digitizing old photos
January 14, 2005 11:46 PM   Subscribe

I have a boatload of 35mm and ASP photos that I'd like to digitize. The options I've found are either expensive or insanely tedious... [M.I.]

My HP ScanJet3400C flatbed does a decent job for web use, but gadzooks I'll go insane scanning, & especially cropping to actual size, hundreds of photos. I wish I could find something like a sheet-feeder scanner that would automatically size the scan result to the borders of the photo.

I know there's the negative-scanning alternative. I tried a friend's high-end scanner with negative adapter once, but it scanned tiny dust and lint particles so effectively that it required much manual touch-up, and the cropping was still neccessary. And ASP would require yet more hardware.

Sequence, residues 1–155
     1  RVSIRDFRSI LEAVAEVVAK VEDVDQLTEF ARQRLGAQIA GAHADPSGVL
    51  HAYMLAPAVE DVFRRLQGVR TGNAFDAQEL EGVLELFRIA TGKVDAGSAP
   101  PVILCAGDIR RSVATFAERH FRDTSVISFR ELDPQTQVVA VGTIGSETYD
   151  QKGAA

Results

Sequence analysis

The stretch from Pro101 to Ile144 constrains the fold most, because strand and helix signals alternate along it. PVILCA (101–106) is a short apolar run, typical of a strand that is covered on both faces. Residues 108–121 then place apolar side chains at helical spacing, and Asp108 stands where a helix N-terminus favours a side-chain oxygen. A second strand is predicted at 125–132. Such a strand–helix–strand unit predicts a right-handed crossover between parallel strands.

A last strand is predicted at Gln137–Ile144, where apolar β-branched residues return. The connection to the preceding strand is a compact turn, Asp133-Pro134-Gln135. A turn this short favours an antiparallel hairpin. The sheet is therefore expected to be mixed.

Then there's scanning services which charge huge (likely justified) fees to digitize negatives to disk.

Am I missing any options? Is there a magic piece of hardware or software that would make this a feasible DIY project?
posted by Tubes to Technology (12 answers total) 2 users marked this as a favorite
 
There is no good way really. Here is what I do:
1) Go out and rent a high-end firewire scanner (Nikon CoolScan 4). This runs me $40 for a weekend.
2) Use the motorized film strip adapter to scan a whole strip at a time (4 or 5 negs depending on who cut them).
3) Use the digital ICE software to get rid of dust and scratches automatically. It's very good because it's not a pure software solution - it relies on an infrared light in the scanner to tell it where dust particles are by essentially measuring scanned surface thickness.

The results aren't half bad for a semi-automated process. At max quality setting, this gives me a 120 mb file scan size, but I usually scan at lower-res, and then the good stuff gets rescanned.